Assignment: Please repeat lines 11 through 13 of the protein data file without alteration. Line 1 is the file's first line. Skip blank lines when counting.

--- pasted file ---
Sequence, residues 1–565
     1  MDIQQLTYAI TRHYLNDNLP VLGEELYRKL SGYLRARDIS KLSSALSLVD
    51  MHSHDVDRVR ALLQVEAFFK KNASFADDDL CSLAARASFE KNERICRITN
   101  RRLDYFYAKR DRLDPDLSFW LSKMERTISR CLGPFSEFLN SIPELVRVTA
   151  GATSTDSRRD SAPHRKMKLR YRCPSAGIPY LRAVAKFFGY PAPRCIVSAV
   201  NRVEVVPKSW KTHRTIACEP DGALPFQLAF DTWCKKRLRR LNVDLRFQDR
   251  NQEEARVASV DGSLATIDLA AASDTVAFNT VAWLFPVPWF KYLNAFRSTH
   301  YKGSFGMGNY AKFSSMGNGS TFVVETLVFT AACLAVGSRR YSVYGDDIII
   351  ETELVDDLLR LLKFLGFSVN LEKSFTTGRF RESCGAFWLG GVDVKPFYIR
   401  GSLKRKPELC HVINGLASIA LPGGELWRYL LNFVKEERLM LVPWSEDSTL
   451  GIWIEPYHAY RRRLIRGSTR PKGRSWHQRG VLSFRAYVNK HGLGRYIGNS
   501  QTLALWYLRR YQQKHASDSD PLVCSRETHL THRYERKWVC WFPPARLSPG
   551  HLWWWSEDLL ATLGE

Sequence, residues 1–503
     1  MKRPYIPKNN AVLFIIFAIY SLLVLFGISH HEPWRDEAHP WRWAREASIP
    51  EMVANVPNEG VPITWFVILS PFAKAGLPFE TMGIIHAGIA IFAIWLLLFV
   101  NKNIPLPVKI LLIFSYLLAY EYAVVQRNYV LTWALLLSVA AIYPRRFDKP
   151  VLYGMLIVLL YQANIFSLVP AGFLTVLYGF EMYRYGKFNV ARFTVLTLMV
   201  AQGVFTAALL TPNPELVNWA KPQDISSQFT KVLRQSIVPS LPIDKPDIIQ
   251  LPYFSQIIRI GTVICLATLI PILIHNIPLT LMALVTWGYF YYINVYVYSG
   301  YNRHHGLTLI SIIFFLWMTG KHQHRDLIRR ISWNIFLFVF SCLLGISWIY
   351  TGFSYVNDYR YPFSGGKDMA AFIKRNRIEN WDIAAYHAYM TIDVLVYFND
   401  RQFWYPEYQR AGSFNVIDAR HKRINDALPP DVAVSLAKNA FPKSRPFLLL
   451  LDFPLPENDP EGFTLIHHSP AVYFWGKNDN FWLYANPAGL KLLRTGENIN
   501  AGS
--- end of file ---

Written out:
   451  GIWIEPYHAY RRRLIRGSTR PKGRSWHQRG VLSFRAYVNK HGLGRYIGNS
   501  QTLALWYLRR YQQKHASDSD PLVCSRETHL THRYERKWVC WFPPARLSPG
   551  HLWWWSEDLL ATLGE